The Six Thinking Hats: How to Improve Decision Making, with Examples

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You: When there’s something strange in your neighbourhood, who ya gonna call?

Me: Dr Edward De Bono of course, and ask him about his six thinking hats…

Dr Edward De Bono was born on the 19th of May 1933. De Bono was a Maltese physician, phycologist, author, and the inventor of ‘Lateral thinking’. In 1986 he wrote a book called “Six Thinking Hats

Edward De Bono believes that:

the main difficulty of thinking is confusion, where we try to do too much at once. Emotions, information, logic, hope and creativity all crowd in on us. It’s like juggling too many balls

To help alleviate this confusion he describes six different types of thinking, associating each with a different colour hat.

What is Six Thinking Hats?

Six hats thinking is a technique that helps individuals and teams look at problems and situations from a variety of perspectives. In essence, the six hats direct you on ‘how to think’ rather than ‘what to think’, which means it can be applied universally.

As identified by De Bono it simplifies thinking by maintaining focus on one element at a time and allowing a change in thinking while minimising conflict between members in a group.

Some examples of problems where six thinking hats can be used include:

  • A coffee house is getting a growing number of complaints from customers as they are having to wait too long for their coffee – how can they solve this problem?
  • A car manufacturer has found that their quality department has a worsening absence record with several bouts of sickness from several staff – what’s happening and how can they improve the absence levels?

It’s not all problems you know, you can apply six hats to opportunities, some examples include:

  • A coffee house finds that there is a new coffee machine on the market that can make our coffee three times quicker than their current machines – should they buy it?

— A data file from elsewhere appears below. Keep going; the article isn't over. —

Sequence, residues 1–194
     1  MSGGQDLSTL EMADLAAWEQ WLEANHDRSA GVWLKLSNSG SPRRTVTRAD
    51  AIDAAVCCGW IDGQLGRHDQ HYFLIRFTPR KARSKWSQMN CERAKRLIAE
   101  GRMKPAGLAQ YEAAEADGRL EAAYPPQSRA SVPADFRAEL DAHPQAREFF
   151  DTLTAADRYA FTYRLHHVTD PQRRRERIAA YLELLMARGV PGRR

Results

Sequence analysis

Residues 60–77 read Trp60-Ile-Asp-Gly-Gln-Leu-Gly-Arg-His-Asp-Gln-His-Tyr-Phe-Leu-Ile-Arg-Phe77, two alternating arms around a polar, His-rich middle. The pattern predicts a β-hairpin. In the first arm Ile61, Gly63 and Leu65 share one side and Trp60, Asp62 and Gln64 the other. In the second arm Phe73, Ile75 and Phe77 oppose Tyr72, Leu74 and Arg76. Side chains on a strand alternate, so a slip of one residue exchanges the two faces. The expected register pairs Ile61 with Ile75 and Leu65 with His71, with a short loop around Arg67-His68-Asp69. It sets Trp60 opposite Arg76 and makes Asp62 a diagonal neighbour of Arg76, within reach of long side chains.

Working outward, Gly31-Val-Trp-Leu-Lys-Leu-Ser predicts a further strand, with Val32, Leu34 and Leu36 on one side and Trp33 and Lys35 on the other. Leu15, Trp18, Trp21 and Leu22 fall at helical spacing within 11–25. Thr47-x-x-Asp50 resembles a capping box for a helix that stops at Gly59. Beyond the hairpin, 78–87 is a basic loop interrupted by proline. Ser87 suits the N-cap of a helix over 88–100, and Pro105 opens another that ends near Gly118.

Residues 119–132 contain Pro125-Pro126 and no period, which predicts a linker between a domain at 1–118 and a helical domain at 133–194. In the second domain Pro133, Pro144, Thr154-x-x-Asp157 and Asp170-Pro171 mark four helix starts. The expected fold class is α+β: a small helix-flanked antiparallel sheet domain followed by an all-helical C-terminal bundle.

• A car manufacturer has been approached by a company offering a new incentive programme for its employees, they promise that the programme will improve employee engagement levels – should they invest in the programme?

The Benefits of Using Six Thinking Hats

The process can:

  • reduce meeting times
  • make them more productive
  • help improve the quality of decision making

The beauty of Edward De Bono’s hats is in their simplicity. They are easy to learn and implement in your own work and are a great tool for group collaboration and decision-making.

The biggest benefits are often seen in team working and collaborative problem solving as they can empower diverse groups of people to work together with a common perspective in mind.

The hats promote parallel thinking, which De Bono posited as a productive alternative to adversarial thinking (otherwise known as debate). By defining the perspective for a group, the benefits are a reduction of negative conflict and encouraged co-operation.

For example, if a group is asked to consider a problem with one hat at a time, they are less likely to be in dispute than when they are thinking from all perspectives. This often shows up as one team member looking at all the negatives while another is being highly positive and looking for all the good points.

The focus brought by the hats can have a positive impact on the quality of thinking. Instead of the unfocussed to and fro we will all have experienced when exploring a complex problem.

If you use the Six Thinking Hats effectively in your business you will…

  • Create a productive atmosphere minimising counterproductive and negative behaviours that would otherwise lead to conflict between team members in the meeting environment.
  • Avoid protectionism and egos that may affect decision making
  • Create more productive and efficient meetings that are energised and highly focussed
  • Encourage innovation and empower people to challenge the status quo. People will start to see problems as opportunities, a much more positive outlook
  • Improve problem-solving efficiency and effectiveness, by analysing problems from all perspectives and seeing beyond the obvious to find the right solution
  • Make thorough evaluations of problems for proper root cause analysis

To achieve the full benefits of six hats thinking you will need to understand the perspective that each hat represents.

What are the Six Thinking Hats?

Blue Hat – The blue hat is metaphorically worn by the individual chairing a meeting, controlling a team, or managing a situation. They will often provide the ground rules in the form of an agenda, goals and scope.

For example, project managers responsible for pulling together many elements to complete a project could be said to wear a Blue Hat! In managing a project, he or she would concern themselves with many issues such as:

  • What is the problem we are dealing with?